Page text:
What is Fairness?

I rarely write about social/cultural issues on this blog but I have been bothered during this political season about the concept of “fairness.” This term is being used frequently by our President as leverage for raising taxes on the rich-that they might pay “their fair share.”  It is being used as a common refrain by the Republican party as a counter attack about the “50%” of the population that pay no tax at all-“is that fair?”

What is fairness?  How are we to think on that word and therefore decide who is telling the truth.  “Fairness” according to Merriam-Webster is something which is marked by “impartiality and honesty-free from self interest, prejudice or favoritism.”  At least that is one central piece of the definition.  And it is this piece that I think is missing in the debate.  I’m sorry, but I don’t really trust either side when it comes to impartiality and honesty.  I don’t believe that either side does not have some self interest, prejudice or favoritism at stake in this matter.  Apparently many Americans share my point of view.  In the most recent RealClearPolitics poll, 78% of Americans disapprove of the job that Congress is doing.  According to RCP polls Americans are split right down the middle on the President’s job approval-47% approve and 47% disapprove.  Confidence is waning.

Fairness, as it is being bandied about in political circles today, is arbitrary.  What is fair for one does not seem fair for another.  It is idealogical in nature.  And I have never seen a political landscape so divided along idealogical lines in my lifetime.  We are being hoodwinked into thinking about “fairness” when we should be considering “justice.”

“Justice” as it is defined by Merriam-Webster means “the administration of law” and “conformity to truth, fact or reason.”  Justice has a measuring line.  Justice has a standard.  Justice forces you to determine where you truly are in the argument.  It is not arbitrary-at least not be definition.  And therein lies the problem with human fairness or justice.  We are inherently unfair and unjust.  We are arbitrary about all things because we are inherently selfish and self preserving.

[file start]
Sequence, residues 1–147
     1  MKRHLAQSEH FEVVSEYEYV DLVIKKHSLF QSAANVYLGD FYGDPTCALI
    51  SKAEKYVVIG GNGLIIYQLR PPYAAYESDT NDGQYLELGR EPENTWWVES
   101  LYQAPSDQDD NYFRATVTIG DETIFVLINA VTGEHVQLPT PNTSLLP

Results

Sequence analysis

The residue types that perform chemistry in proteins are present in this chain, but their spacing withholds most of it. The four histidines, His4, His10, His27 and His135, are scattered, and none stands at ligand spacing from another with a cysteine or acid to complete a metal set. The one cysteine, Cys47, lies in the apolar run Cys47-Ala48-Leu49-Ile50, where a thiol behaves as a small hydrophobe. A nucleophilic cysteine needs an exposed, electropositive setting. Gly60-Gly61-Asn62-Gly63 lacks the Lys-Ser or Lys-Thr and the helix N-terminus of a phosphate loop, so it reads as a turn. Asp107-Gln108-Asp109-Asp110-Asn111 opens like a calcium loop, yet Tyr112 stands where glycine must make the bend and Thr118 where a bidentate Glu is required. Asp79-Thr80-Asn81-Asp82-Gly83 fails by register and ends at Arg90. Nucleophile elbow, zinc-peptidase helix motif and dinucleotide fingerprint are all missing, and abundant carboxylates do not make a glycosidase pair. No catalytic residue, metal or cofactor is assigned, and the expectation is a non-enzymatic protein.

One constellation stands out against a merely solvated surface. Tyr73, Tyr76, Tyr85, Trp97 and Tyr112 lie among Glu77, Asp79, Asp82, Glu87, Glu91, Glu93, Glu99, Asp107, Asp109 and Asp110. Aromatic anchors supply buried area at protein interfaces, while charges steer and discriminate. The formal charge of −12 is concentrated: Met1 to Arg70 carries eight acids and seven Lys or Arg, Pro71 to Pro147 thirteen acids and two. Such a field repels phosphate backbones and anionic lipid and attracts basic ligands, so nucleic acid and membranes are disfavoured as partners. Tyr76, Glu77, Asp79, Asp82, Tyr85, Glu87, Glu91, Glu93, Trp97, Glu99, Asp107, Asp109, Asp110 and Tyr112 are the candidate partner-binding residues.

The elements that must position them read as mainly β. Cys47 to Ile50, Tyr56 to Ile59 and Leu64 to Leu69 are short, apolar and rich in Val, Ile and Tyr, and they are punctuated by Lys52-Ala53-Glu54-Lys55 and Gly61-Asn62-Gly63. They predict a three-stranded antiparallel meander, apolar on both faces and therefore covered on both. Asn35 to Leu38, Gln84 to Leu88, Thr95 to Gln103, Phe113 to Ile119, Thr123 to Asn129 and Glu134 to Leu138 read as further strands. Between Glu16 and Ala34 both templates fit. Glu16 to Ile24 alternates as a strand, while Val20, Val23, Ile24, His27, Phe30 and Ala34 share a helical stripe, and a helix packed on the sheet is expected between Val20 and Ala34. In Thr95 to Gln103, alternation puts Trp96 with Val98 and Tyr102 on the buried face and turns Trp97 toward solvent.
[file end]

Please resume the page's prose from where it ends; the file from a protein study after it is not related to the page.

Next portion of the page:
To have true “fairness” and “justice” there has to be a true standard.  A universal standard.  There has to be a universal law and lawgiver that is righteous-so that justice can prevail.

Consider the following from the Bible:  Romans 3:22-26                                                   For there is no distinction: for all have sinned and fall short of the glory of God, and are justified by his grace as a gift, through the redemption that is in Christ Jesus, whom God put forward as a propitiation by his blood, to be received by faith.  This was to show God’s righteousness, because in his divine forbearance he passed over former sins.  It was to show his righteousness at the present time, so that he might be just and the justifier of the one who has faith in Jesus.

To rise above our self centeredness we have to admit our need for the just law giver who graciously provided our redemption through the cross.  We will never get to “fair” or “just” any other way.

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  1. You are very astute. If we had agreed upon universal absolutes (which we evidently no longer have) then perhaps we could have a set of agreed upon terms for our “jumping off point” for any further discussions about the increasingly “hot button issues”. In so many matters it distresses me to realize we are very much like the culture identified in the final verses of the book of Ruth. “In them days there was no King in Israel so ea did what was write in his own mind” As the mechanic’s always say, “There’s your trouble!”